So, Paramount will finally let Trek die, right? My god, man, this franchise is barely alive, just let it die! Nope, JJ Abrams goes and makes a “reboot” movie – which is the most creatively lazy thing to do in Hollywood today – just five years later, starring younger versions of the original characters in what can only be described as a naked money grab. There was no other reason for this to exist. Now, my biggest complaint about the 2009 movie wasn’t in the actors, although I don’t think that any of them save Karl Urban was close to matching the original portrayals. Nor was it the convoluted time travel element of the story – Trek has always had some bad, convoluted time travel stories so I knew to prepare myself for that. No, the main problem was that it wasn’t STAR TREK anymore. It was just a big, dumb action movie. In fact, it felt more like Star Wars than Star Trek (which is hilarious in hindsight now considering that JJ Abrams is going to direct Star Wars). Star Trek, even in the early days – when it didn’t have hokey stories about brain-stealing mini-skirted go-go babes – was capable of telling good, dramatic stories that explored the human condition and the implications of human actions when interacting with alien races on different worlds. Yeah, it wasn’t hard sci-fi most of the time but no one cared much because it was the only sci-fi on TV. Even the dumber episodes had an element of campy fun to them, an element that was sorely lacking in the 09 flick (maybe it needed some brain-stealing, mini-skirted go-go babes). Hell, even look at the original movies. Yeah, the original Motion Picture was slow and the acting wasn’t that great, but at least it was about something and had a quality of beauty about it. The second one was closer to an action picture but managed to work in about a hundred themes about life, death and sacrifice (among others) and actually managed to make you feel something while watching it and think about it after leaving the theater. The 2009 movie was just mindless bombast and empty spectacle. There was no wonder of discovery, no beauty, no real feeling. It even made the old nerd in me angry – why are all of the bridge crew roughly the same age? In the original show you have a wide variety of age in the cast, from the older (McCoy, Scotty) to the younger (Kirk, youngish but experienced) to the painfully young (Chekhov). Everyone in the 09 movie (except perhaps Bones) seemed to be the same age, and they all Went To School Together! Remember in The Muppets Take Manhatten when Ms Piggy wonders what it would be like if they all grew up together and gave us a scene that would be spun off into its own series (Muppet Babies)? Yeah, this movie was basically Star Trek Babies. You may say that it was another product of the alternate-universe-anomaly-thing, I call BS and say that it was another cash grab.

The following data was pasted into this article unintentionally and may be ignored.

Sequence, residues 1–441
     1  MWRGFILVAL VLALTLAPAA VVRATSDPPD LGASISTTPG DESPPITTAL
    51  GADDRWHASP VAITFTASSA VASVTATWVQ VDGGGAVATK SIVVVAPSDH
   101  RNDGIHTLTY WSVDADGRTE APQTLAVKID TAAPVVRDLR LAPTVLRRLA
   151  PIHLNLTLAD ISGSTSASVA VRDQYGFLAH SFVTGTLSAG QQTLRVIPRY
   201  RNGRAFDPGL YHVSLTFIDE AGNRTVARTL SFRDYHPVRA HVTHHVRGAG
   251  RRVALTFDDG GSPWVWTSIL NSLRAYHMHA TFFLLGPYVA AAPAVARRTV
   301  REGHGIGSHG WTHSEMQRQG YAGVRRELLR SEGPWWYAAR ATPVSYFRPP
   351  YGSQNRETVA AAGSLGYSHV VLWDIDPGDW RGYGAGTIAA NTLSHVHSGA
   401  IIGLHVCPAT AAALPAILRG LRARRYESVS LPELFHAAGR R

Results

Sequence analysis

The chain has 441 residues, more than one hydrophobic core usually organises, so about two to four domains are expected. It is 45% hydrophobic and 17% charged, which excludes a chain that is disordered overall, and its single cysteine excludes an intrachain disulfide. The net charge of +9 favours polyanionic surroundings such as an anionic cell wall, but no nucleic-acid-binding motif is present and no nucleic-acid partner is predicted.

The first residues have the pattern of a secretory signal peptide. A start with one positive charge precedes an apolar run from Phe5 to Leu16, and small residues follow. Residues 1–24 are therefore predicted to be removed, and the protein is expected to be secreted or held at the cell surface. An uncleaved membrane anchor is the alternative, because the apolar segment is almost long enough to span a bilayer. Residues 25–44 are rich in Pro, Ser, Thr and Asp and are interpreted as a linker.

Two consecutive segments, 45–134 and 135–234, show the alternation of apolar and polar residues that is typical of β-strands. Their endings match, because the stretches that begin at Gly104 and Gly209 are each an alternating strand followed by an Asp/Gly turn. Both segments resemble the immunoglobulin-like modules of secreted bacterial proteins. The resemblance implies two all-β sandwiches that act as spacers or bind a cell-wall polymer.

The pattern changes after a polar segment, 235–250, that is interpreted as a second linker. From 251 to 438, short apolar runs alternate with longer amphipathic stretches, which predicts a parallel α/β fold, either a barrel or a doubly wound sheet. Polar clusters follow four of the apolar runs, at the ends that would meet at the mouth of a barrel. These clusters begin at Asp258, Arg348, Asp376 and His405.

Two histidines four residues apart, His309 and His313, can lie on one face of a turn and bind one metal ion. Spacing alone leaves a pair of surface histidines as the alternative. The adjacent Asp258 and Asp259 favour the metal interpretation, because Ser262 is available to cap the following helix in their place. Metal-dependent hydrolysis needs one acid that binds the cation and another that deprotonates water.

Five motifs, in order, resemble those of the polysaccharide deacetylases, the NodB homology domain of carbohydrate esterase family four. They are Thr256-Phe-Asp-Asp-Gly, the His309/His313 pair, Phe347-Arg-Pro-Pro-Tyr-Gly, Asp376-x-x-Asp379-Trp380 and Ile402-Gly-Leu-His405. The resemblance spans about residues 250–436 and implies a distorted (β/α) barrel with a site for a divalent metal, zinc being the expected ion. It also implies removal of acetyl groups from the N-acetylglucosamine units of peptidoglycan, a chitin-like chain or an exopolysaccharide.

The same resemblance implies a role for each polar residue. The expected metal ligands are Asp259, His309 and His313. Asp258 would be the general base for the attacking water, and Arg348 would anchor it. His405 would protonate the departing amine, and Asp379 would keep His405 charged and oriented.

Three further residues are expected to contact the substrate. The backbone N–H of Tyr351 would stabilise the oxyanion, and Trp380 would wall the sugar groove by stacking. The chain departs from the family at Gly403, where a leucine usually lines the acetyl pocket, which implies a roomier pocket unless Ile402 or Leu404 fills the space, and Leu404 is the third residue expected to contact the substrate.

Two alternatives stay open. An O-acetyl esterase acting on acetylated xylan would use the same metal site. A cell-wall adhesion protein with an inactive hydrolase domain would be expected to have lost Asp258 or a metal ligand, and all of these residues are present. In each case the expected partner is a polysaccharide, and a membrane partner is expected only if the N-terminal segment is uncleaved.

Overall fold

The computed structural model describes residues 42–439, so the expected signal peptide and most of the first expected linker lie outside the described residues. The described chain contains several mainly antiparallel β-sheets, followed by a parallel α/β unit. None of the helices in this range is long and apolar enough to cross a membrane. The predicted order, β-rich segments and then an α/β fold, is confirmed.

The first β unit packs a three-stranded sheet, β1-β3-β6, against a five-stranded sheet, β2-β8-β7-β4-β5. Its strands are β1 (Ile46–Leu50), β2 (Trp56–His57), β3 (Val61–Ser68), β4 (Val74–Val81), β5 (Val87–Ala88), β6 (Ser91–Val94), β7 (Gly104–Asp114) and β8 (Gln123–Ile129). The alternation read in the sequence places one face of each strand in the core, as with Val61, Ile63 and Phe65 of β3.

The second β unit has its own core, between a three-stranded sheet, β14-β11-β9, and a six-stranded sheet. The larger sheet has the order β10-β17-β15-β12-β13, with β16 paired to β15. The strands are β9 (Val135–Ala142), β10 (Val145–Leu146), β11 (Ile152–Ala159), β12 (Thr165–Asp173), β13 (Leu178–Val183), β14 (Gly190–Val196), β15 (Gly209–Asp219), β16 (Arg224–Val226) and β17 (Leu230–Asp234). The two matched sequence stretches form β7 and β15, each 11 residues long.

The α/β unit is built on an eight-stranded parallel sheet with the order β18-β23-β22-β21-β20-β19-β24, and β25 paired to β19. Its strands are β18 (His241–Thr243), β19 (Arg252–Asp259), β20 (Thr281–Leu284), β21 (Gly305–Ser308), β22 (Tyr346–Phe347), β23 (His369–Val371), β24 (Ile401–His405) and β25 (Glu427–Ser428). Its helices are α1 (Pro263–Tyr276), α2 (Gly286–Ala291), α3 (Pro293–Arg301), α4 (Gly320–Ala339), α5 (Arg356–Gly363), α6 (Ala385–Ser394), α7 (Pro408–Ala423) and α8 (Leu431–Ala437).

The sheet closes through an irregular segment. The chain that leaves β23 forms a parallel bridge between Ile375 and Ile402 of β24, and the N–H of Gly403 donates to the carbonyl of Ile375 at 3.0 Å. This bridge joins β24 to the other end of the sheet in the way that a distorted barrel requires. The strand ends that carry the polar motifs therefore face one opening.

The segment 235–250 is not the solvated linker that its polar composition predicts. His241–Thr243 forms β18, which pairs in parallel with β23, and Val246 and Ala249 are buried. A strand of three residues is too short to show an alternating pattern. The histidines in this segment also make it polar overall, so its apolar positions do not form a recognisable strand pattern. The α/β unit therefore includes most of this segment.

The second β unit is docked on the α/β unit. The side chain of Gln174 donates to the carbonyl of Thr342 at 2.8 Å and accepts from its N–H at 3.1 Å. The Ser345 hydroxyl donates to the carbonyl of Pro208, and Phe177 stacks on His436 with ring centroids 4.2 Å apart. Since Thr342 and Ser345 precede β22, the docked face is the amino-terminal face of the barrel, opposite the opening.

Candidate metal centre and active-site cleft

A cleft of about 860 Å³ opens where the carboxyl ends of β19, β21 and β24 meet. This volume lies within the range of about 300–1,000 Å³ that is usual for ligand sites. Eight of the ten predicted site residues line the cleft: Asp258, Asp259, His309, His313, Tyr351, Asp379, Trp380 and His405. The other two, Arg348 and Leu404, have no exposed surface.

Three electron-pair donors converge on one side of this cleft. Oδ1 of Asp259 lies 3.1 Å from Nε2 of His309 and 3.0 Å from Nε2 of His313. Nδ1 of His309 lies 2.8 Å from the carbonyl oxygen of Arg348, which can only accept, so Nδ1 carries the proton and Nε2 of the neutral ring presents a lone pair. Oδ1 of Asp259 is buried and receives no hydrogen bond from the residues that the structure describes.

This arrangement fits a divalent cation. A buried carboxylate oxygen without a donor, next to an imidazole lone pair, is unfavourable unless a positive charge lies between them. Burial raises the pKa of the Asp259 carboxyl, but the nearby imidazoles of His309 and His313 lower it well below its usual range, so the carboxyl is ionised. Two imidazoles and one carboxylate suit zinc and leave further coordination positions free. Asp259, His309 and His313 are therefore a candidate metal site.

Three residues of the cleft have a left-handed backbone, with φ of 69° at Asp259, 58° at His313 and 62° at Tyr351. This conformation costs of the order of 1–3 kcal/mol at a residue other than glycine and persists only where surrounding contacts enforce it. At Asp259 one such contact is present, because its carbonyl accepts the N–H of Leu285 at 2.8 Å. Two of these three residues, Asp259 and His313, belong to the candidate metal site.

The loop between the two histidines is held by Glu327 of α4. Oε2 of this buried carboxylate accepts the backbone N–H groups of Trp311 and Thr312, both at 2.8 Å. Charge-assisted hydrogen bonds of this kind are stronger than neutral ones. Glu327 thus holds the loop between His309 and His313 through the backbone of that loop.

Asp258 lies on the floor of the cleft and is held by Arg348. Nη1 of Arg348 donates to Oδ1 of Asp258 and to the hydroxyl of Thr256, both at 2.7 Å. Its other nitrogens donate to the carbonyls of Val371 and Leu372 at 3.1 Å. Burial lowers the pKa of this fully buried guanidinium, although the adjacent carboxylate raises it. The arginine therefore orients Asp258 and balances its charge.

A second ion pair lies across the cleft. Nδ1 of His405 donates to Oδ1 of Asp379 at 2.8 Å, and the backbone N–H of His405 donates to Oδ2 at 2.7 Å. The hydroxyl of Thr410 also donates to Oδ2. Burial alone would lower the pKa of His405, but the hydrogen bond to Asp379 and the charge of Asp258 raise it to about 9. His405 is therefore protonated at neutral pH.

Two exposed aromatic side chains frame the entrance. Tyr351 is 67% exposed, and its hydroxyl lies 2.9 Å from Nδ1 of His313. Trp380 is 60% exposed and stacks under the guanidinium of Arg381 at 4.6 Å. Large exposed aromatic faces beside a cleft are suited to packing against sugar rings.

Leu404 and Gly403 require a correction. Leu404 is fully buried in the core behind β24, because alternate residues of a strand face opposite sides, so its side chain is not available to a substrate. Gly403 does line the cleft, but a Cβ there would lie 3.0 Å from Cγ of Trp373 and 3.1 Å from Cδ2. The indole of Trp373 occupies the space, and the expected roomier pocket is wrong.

So there it is. Now we await another action movie that is Star Trek In Name Only. Even the fact that people are speculating whether the film’s villain is Khan or Gary Mitchell points to that fact that fans don’t expect any creativity out of Paramount anymore either.

He’s dead, Jim.

Andrew James

When was the last time Star Trek had any “big ideas”? More than 30 years. I’m avoiding these trailers, but I quite enjoyed the previous ST installment from Abrams. It’s a lot of fun and it looks good. ST has been devoid of really thought provoking ideas for some time and when they try, they’re boring and quite frankly not all that thought provoking.

Even some of the original crew’s movies are flat out terrible. What big ideas are in Star Trek III for example?

Nope, Star Trek II and VI are mostly just action movies at their core as well. “The needs of the few outweigh the needs of the many” is played up as the central message in three of the six films.

So c’mon, not since the TV episodes (and maybe the first film) has Star Trek had any real brains to them.


Which makes this round of reboot squandering the potential to get out of that funk. Sadly, laser guns, extreme stunts and ‘Splosions seems the order of the day here.

Hopefully Benedict Cumberbatch will do better with his villain role than did Eric Bana.


The worst thing about the Abrams film was the betrayal of a promise to return to the spirit of the original TV show. It’s there somewhere, but gets drowned out by deafening CGI mayhem.

I don’t know about “”big ideas””, but I think part of the appeal of every Star trek series, and some of the early movies, was the positivism and/or thoughtful, peacetime approach to space exploration. Thinking their way out of sticky situations, learning as they go.

Maybe that doesn’t sell as well as Kirk leaping in front of a CG fireball to the sound of dramatic Inception foghorns.

Andrew James

“Hopefully Benedict Cumberbatch will do better with his villain role than did Eric Bana.”

This I am almost certain of.

Marc Saint-Cyr

Except it seems to me that Cumberbatch’s character is just a photocopy of Bana’s. Oh, great – it’s another bland, brooding bad guy who wants to crush the Federation. Who cares?


The first Abrams Star Trek had some really great moments. Overall, it was just a decent action sci-fi flick.

Still, a decent action sci-fi flick is better than most sci-fi out there.